Durham author Dawn Shamp celebrates 1920s Roxboro in her debut novel | Reading | Indy Week

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Durham author Dawn Shamp celebrates 1920s Roxboro in her debut novel

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If you ask Durham author Dawn Shamp why she set her debut novel, On Account of Conspicuous Women, in her hometown of Roxboro, she'll say it's complicated.

It goes back to her mother's death in a car accident, when Shamp was 20.

"My coping mechanism to put as much distance between me and Roxboro as I could," Shamp says. She left Roxboro after high school to live in Durham and later moved to northern Virginia for four years to work in customer service for United Airlines, before moving to Raleigh, then Durham.

Her new novel is set in the Person County town where members of her family still live. "It took me awhile to come to terms with [writing about Roxboro]," says Shamp, who originally planned to fictionalize her novel's town name. But Roxboro is so "rich with history that it seemed only fair" for the story to be in Roxboro.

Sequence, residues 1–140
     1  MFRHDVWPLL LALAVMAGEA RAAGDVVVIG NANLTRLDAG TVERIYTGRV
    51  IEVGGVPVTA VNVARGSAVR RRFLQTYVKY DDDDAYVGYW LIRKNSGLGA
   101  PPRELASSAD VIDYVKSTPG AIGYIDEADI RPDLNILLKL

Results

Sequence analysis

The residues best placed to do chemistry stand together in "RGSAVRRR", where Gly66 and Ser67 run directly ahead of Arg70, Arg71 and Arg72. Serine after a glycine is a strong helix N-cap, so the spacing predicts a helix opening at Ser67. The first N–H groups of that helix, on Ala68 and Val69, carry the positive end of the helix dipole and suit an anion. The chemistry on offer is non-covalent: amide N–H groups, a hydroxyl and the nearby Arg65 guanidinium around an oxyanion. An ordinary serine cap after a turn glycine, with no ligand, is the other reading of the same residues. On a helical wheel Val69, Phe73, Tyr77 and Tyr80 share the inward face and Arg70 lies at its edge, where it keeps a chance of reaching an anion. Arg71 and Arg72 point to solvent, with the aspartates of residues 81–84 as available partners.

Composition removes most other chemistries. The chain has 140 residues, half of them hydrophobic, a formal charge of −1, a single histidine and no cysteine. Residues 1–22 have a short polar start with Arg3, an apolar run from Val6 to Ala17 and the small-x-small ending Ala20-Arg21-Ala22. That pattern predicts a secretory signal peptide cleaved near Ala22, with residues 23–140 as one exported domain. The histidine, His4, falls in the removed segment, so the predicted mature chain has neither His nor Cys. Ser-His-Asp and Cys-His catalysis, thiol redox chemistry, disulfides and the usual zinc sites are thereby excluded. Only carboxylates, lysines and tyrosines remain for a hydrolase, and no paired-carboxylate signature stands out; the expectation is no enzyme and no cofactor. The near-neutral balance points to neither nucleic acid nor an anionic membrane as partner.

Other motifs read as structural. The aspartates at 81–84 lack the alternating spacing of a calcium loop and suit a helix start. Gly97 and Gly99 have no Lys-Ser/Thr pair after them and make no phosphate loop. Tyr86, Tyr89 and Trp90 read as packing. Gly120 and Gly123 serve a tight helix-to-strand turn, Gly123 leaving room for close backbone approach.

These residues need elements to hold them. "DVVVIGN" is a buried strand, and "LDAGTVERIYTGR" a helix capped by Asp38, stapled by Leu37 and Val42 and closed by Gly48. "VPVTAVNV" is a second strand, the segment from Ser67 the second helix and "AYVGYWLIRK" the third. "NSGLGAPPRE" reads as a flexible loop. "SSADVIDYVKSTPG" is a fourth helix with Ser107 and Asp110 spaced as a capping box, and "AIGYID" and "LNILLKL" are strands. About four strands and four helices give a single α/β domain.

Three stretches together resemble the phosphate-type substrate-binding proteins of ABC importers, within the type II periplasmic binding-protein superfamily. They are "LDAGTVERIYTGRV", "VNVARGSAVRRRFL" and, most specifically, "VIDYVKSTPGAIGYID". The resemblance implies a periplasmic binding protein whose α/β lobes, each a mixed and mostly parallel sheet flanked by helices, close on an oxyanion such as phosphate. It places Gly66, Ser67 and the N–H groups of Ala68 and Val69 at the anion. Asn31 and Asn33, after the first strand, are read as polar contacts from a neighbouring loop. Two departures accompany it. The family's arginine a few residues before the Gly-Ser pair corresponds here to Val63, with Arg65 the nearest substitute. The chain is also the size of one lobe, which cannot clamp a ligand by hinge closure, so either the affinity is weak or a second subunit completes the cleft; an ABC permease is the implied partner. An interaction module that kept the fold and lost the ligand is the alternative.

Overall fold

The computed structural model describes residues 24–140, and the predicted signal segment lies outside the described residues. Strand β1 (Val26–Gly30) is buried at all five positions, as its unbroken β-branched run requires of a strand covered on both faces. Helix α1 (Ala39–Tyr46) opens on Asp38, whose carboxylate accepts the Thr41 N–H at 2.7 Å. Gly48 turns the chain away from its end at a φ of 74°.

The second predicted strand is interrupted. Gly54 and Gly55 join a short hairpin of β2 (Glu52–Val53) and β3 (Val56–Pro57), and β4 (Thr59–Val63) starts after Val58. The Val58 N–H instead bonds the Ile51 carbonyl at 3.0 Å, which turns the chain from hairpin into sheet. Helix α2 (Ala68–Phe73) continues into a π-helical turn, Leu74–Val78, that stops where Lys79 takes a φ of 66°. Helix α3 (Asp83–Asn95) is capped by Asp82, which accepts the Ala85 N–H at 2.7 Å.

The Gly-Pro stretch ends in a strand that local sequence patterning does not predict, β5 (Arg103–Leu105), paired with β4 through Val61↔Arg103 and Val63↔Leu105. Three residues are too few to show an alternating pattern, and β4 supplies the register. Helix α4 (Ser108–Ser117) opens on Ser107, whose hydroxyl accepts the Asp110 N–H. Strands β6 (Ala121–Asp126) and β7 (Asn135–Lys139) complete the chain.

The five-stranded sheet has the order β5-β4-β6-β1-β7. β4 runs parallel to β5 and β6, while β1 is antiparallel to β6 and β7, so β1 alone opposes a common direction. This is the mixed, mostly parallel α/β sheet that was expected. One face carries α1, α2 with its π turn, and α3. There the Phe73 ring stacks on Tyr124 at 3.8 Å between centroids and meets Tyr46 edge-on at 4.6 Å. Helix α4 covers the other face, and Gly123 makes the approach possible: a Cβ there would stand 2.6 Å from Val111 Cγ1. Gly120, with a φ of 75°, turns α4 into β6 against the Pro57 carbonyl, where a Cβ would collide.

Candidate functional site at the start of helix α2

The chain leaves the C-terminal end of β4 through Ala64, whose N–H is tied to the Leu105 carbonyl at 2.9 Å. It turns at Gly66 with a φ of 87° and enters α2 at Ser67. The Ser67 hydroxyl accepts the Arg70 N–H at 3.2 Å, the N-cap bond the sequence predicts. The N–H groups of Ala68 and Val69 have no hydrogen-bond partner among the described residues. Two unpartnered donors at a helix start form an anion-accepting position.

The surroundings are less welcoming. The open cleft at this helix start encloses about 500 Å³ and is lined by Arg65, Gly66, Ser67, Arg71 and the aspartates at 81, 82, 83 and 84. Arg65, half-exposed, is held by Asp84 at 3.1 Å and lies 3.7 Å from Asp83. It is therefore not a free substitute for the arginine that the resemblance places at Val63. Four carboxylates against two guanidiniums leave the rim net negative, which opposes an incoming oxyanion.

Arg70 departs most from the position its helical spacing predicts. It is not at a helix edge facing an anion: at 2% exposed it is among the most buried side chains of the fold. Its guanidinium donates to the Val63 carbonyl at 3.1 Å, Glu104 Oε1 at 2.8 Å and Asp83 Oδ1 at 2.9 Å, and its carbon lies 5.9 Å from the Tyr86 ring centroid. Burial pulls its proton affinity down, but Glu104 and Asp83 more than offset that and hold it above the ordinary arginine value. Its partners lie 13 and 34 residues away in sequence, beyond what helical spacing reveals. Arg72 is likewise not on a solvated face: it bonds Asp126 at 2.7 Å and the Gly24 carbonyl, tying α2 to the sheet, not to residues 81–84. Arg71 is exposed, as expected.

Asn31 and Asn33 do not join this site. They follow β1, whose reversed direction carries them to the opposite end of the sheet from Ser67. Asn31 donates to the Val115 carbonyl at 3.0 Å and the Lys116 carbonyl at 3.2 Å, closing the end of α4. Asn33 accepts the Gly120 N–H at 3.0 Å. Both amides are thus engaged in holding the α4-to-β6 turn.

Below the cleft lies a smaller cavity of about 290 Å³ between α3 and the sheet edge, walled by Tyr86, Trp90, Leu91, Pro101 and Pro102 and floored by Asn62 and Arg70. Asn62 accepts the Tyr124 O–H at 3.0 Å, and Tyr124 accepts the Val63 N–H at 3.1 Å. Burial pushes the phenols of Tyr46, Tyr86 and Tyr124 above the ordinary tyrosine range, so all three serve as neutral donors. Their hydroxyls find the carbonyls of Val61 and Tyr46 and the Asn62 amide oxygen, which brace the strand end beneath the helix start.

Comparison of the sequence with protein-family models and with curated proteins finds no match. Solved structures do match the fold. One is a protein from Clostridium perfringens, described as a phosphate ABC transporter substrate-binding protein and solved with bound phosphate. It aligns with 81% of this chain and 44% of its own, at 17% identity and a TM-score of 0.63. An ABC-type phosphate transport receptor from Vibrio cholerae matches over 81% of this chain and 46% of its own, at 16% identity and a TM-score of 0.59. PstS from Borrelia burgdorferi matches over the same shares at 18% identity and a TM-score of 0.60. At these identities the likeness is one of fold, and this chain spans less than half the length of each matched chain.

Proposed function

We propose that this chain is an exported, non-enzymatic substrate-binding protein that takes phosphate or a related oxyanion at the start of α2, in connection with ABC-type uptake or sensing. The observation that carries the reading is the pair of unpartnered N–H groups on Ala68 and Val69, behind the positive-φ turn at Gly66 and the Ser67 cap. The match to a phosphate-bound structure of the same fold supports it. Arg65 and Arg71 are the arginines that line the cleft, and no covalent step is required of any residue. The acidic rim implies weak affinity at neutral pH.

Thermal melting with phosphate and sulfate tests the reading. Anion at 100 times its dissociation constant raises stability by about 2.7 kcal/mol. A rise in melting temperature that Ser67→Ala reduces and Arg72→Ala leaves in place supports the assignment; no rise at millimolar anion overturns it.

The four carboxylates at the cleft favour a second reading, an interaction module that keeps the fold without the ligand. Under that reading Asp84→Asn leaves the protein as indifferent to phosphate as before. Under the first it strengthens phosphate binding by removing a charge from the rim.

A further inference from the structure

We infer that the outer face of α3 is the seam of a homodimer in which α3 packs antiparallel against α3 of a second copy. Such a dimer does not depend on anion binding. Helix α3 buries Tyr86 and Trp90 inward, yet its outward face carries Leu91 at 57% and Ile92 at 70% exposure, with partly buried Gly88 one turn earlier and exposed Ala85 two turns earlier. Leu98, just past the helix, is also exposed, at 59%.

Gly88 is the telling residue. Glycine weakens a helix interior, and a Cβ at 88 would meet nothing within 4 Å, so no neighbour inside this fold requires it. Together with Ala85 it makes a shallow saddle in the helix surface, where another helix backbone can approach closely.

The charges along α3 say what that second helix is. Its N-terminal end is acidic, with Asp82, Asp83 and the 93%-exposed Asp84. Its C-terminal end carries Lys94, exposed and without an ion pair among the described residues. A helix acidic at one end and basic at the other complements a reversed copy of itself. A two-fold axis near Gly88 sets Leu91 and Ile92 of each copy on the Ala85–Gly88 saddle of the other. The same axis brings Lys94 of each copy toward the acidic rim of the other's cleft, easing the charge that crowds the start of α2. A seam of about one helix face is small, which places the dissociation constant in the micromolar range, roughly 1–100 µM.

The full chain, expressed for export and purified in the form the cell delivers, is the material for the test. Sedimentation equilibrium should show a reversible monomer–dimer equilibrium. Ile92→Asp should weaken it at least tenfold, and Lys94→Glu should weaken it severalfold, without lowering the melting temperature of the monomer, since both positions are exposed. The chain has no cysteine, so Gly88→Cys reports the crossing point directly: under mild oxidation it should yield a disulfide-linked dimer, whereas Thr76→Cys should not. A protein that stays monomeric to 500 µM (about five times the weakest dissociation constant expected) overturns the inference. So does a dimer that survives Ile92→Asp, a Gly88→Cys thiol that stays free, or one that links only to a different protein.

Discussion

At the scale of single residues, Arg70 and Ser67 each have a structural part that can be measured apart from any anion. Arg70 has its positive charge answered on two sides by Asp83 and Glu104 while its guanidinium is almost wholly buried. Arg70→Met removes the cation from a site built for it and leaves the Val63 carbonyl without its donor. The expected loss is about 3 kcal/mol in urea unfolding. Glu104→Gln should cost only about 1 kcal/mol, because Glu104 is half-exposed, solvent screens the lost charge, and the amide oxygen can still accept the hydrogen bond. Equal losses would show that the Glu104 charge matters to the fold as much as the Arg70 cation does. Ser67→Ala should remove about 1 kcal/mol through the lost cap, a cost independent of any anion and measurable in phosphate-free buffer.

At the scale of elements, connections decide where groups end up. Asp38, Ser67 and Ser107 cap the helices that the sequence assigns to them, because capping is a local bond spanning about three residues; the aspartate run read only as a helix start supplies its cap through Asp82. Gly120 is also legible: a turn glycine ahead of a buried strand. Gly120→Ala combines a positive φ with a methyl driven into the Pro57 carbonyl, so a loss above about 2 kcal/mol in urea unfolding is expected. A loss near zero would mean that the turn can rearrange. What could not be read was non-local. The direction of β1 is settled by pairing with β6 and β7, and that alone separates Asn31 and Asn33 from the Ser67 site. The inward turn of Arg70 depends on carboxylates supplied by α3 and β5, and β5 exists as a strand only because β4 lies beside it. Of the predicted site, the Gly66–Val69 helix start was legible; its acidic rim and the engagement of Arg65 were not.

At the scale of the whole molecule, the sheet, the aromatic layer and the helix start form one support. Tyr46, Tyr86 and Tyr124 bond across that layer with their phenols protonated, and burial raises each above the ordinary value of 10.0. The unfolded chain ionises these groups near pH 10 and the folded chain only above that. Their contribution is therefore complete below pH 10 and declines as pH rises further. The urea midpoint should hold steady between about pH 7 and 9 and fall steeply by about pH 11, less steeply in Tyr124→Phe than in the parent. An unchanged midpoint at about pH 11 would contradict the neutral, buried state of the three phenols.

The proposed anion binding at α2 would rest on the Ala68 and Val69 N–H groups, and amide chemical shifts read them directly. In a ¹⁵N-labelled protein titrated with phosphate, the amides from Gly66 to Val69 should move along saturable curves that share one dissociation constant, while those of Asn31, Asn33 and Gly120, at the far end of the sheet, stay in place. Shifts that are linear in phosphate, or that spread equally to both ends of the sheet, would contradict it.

Shamp gleaned part of her book's title from a collection of satirical poems by the American writer, poet and suffragist campaigner Alice Duer Miller, entitled Are Women People? The poem states a recipe for a "Woman of Charm" that calls for "all the conspicuous ladies of history." The title mixes this snippet from Miller's suffragist efforts with one of Shamp's favorite Southern locutions, "On account of," which she remembers for its musicality and the frequency with which it was used in her childhood.

Released at the end of April, On Account of Conspicuous Women is a picturesque, historically thoughtful look at four young women who become friends in 1920—a time when women, recently armed with the right to vote, faced the new challenge of proving their equality with men. "These women are ordinary women," says Shamp. "I can't say for sure, but I really think [suffrage] was harder [on women in small towns] than for women in big cities."

At the start of Shamp's novel, Ina, a delicate Richmond lady recovering from the sudden death of her new husband, comes to Roxboro to teach at the East Roxboro School. The town is agog over her arrival and keen to prove its merits against Ina's cultured ways. People scramble to produce their best baked goods, and the town beauty sets precedent by bobbing her hair. Ina is stunned by this overflowing hospitality, but her qualms are soon ameliorated by three young Roxboro women. Through their ensuing friendship, the four ladies splash feminism on the town and navigate the turbulent waters toward gender equality.